Some of you may remember that one of my Christmas presents was a cheese-making kit. On New Year's Day I had my first try of it. The kit included equipment and recipes for both Mozzarella and Ricotta. I chose the Mozzarella.
I followed the instructions very carefully. For a start, the recipe uses 8 pints of milk (which is about as much as we normally use in a fortnight!) so I had to lift out our biggest pan.
I duly heated up the milk, added the (non-animal) rennet and citric acid as directed and left the milk to separate into curds and whey. Note the thermometer, which allowed me to closely control the temperature.
8 pints of milk produce a LOT of curds!
The whey is supposed to be a "thin greenish-yellow fluid". I think this qualifies...
Now at this point the recipe tells you to heat the curds in a microwave oven for a minute. However we don't have a microwave oven, so I had to follow the "No Microwave" option - which in retrospect sounds very much like an afterthought! You form the curds into lumps and "dip" them in the hot whey (180F) for a minute using a ladle or sieve, after which you should be able to knead the curds like bread dough, until it becomes stretchy and elastic. It wasn't clear whether the ladleful of curds should be submerged or not.(I tried both ways).
This is where things began to go awry. Despite my best efforts I could not get the curds into a kneadable texture - and I'll tell you, I tried many different permutations. At one point I even tried floating some dollops of curd in the silicon "poach-pods" we use for poaching eggs! I won't bore you with any more details; let's just say that none of my efforts paid off.
So, I ended up with these:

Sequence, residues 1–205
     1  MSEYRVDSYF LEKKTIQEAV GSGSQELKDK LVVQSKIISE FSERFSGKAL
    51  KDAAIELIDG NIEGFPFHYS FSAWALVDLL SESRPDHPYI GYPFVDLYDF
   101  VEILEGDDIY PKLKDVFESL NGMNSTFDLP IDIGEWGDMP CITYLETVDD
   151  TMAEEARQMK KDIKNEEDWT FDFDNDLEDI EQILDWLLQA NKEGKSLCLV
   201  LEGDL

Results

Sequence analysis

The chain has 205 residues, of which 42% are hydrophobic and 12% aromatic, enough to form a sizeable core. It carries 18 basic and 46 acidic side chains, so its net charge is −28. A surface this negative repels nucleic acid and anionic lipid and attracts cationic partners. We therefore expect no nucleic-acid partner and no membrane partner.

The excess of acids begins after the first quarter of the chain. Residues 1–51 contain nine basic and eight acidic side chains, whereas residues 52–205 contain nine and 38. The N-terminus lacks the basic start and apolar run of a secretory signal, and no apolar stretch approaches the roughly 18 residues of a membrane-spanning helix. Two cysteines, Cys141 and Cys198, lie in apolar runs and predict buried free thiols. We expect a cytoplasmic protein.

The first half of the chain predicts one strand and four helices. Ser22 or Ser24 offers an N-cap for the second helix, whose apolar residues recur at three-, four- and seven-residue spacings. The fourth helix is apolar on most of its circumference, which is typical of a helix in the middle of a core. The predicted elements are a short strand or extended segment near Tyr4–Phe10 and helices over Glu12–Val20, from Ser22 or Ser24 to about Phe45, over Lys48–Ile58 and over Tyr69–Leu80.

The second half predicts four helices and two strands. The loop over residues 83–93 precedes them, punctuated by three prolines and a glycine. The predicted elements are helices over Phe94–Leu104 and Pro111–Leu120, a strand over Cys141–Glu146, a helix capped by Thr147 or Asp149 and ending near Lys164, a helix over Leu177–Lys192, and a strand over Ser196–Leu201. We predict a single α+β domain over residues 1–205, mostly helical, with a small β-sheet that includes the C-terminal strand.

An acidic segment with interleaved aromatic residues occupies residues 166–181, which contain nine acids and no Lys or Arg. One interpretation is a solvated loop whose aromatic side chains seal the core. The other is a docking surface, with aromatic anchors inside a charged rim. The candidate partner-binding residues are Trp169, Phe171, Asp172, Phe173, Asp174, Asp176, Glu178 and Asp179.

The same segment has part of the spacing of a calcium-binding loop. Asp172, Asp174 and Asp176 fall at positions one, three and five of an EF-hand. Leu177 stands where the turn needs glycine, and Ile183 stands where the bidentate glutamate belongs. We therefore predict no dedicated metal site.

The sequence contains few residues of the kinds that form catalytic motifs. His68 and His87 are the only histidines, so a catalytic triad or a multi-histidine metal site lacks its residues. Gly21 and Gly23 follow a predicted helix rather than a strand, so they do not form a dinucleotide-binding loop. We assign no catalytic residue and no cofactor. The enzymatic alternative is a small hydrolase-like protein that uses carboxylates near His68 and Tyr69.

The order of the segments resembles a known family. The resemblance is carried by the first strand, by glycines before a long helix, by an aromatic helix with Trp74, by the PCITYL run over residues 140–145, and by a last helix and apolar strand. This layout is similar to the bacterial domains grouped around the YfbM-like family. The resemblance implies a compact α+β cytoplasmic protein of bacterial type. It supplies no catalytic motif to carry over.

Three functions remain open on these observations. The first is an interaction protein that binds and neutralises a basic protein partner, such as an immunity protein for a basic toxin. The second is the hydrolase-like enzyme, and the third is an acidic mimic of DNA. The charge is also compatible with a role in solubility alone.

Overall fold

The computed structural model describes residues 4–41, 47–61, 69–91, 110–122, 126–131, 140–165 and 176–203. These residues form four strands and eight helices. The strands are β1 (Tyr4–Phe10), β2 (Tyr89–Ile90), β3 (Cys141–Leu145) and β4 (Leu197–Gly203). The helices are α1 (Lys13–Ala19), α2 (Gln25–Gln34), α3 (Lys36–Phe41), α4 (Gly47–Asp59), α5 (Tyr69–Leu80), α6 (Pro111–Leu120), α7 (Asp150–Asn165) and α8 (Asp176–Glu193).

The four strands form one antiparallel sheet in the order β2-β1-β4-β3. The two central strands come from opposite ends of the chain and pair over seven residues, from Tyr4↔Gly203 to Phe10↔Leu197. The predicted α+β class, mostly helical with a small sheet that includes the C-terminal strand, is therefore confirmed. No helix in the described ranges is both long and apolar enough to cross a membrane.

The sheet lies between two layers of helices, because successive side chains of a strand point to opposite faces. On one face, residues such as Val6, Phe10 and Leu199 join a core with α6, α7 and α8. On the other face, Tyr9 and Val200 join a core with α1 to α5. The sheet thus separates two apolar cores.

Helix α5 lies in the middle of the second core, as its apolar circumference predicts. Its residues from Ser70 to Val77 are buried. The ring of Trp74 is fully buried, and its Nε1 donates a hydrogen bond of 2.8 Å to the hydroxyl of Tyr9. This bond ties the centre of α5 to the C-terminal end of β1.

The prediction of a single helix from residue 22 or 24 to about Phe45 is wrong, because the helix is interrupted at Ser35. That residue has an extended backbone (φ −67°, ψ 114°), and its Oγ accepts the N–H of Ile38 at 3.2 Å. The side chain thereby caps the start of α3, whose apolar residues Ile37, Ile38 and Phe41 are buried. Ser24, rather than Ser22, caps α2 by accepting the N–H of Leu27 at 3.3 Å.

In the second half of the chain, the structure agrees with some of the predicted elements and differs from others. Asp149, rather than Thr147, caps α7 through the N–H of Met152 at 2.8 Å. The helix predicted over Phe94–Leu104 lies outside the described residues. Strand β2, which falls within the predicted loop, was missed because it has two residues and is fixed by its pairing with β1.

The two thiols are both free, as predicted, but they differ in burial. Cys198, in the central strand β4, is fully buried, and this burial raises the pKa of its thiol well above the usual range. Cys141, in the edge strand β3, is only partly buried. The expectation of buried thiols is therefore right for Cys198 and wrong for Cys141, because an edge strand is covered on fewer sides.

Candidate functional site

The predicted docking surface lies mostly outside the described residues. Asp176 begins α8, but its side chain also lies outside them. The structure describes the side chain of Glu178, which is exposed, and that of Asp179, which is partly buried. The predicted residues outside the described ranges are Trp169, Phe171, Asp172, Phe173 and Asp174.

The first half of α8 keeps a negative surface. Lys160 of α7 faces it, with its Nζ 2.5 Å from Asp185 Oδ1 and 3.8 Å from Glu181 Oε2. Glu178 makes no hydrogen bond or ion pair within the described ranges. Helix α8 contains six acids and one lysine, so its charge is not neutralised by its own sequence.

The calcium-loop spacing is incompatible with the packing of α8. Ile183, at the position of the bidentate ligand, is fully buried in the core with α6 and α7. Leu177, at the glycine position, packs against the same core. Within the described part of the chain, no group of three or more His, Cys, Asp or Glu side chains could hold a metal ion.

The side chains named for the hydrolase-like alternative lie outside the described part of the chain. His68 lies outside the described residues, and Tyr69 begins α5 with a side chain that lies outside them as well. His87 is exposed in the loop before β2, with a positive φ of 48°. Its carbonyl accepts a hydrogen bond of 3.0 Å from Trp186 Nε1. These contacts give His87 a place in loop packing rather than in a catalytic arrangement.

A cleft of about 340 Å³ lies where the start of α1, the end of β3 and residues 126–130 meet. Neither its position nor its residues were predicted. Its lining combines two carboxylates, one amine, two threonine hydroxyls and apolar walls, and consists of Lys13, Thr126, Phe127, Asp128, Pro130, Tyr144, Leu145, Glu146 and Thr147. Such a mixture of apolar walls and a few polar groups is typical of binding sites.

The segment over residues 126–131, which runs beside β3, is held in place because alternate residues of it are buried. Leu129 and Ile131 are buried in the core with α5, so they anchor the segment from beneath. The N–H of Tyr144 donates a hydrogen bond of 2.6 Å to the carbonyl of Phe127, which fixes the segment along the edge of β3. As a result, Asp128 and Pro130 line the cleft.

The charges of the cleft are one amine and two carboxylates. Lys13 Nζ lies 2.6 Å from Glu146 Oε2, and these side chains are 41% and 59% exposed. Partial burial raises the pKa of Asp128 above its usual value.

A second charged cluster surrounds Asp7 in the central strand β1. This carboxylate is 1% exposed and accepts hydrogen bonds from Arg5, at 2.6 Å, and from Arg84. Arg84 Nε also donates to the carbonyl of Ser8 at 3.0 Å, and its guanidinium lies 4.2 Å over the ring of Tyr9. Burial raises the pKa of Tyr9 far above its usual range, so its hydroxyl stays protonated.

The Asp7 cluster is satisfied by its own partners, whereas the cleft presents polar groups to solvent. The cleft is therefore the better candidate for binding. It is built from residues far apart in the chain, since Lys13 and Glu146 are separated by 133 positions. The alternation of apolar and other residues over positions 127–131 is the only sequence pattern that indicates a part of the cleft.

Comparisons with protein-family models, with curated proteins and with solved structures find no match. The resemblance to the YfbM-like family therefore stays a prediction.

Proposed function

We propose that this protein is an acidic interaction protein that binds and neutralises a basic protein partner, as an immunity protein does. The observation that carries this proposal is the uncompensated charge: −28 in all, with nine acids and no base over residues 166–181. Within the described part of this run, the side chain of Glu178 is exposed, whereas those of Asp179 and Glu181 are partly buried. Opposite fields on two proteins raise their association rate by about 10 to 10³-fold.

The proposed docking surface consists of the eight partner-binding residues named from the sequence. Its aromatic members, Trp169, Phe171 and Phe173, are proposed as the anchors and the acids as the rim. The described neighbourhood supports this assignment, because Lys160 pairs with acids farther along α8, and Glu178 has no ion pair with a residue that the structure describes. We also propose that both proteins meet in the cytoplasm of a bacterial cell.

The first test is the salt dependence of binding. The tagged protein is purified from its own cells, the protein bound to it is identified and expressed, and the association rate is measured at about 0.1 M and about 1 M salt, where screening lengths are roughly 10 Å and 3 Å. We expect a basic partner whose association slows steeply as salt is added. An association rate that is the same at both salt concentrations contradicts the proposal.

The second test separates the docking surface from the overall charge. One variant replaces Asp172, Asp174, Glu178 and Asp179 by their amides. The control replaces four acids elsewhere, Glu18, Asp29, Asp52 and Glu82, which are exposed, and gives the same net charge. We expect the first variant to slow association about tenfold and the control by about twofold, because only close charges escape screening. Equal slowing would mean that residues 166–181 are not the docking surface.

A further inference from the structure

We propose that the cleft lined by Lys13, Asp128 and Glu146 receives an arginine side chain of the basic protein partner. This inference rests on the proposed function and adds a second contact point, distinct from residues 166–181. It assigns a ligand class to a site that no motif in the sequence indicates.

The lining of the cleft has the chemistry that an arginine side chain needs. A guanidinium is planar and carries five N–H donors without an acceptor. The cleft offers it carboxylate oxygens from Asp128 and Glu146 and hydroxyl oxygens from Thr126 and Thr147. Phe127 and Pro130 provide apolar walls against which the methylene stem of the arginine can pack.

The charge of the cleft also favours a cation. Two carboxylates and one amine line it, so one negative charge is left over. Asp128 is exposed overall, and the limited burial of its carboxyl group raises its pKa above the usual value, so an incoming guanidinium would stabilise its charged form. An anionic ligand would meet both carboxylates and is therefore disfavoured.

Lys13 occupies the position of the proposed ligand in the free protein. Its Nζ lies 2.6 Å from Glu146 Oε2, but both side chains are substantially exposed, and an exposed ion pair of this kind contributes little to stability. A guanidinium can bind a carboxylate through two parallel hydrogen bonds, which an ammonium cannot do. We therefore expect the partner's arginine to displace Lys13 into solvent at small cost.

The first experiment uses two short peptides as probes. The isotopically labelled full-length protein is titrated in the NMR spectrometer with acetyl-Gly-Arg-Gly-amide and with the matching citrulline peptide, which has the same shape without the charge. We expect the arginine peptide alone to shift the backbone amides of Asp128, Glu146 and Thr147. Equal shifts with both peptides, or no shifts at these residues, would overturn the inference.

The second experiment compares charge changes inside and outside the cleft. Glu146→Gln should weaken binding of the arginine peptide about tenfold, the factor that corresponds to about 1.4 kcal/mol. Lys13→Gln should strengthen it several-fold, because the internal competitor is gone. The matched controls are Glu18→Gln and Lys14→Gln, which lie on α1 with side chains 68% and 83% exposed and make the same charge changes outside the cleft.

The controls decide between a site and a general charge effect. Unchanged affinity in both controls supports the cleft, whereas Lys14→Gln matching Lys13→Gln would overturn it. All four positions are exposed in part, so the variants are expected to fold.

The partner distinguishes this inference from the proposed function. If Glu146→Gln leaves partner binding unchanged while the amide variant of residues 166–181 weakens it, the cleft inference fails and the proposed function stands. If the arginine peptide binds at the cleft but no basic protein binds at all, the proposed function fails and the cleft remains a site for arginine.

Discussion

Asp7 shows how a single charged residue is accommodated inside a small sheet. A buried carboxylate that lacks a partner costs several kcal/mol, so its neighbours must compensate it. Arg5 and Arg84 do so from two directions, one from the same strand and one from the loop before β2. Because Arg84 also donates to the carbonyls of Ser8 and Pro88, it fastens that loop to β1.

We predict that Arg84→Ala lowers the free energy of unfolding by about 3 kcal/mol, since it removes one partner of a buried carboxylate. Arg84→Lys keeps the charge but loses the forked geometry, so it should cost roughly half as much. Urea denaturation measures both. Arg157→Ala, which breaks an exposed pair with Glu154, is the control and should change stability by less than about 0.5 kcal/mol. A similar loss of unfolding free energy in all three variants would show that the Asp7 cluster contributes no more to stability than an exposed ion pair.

Yes, that's right - several dollops of Cottage Cheese! For the sake of preserving a small shred of honour, I formed the cheese into rough balls, so that (from a distance) they might possibly be said (by a half-blind person) to resemble Mozzarella.
The texture is all wrong though. The cheese remained stubbornly crumbly and grainy. Not a hint of glossiness or elasticity. This is the best one, but it's still not good.
I have been racking my brains to try to understand where I went wrong, but I haven't figured it out yet, though in retrospect I have to say that there are a few clues in the recipe which make me think that perhaps making Mozzarella is a tad more tricky than they would have you believe. For example "...if it hasn't got hot enough in the liquid to be really stretchy, just eat it as it is!" and "If the Mozzarella doesn't taste exactly like the Mozzarella you're used to, call it something else and eat it anyway!"
I have to say I'm disappointed. I'm not averse to Cottage Cheese (though not in huge quantities), but I wanted Mozzarella! We had even bought avocadoes and tomatoes with which to make Insalata Tricolore... Oh well, you can't win 'em all.
Here's one of the ways in which I've used the cheese - with salt, pepper and chopped fresh Basil and a drizzle of EVOO: